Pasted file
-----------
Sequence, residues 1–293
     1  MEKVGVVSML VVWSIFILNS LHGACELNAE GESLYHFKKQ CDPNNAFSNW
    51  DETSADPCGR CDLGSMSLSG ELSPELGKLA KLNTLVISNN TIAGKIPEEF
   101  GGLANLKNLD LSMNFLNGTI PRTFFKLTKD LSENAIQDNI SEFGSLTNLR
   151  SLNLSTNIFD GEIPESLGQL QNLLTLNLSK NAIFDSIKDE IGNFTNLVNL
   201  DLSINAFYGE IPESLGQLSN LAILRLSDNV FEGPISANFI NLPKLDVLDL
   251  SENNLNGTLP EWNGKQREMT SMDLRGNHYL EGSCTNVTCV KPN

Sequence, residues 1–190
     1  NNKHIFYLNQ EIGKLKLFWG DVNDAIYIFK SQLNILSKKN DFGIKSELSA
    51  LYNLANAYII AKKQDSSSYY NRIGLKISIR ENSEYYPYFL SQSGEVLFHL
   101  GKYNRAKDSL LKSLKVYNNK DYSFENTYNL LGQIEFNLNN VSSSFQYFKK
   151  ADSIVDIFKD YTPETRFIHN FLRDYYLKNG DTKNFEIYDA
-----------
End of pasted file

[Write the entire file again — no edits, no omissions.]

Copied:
Sequence, residues 1–293
     1  MEKVGVVSML VVWSIFILNS LHGACELNAE GESLYHFKKQ CDPNNAFSNW
    51  DETSADPCGR CDLGSMSLSG ELSPELGKLA KLNTLVISNN TIAGKIPEEF
   101  GGLANLKNLD LSMNFLNGTI PRTFFKLTKD LSENAIQDNI SEFGSLTNLR
   151  SLNLSTNIFD GEIPESLGQL QNLLTLNLSK NAIFDSIKDE IGNFTNLVNL
   201  DLSINAFYGE IPESLGQLSN LAILRLSDNV FEGPISANFI NLPKLDVLDL
   251  SENNLNGTLP EWNGKQREMT SMDLRGNHYL EGSCTNVTCV KPN

Sequence, residues 1–190
     1  NNKHIFYLNQ EIGKLKLFWG DVNDAIYIFK SQLNILSKKN DFGIKSELSA
    51  LYNLANAYII AKKQDSSSYY NRIGLKISIR ENSEYYPYFL SQSGEVLFHL
   101  GKYNRAKDSL LKSLKVYNNK DYSFENTYNL LGQIEFNLNN VSSSFQYFKK
   151  ADSIVDIFKD YTPETRFIHN FLRDYYLKNG DTKNFEIYDA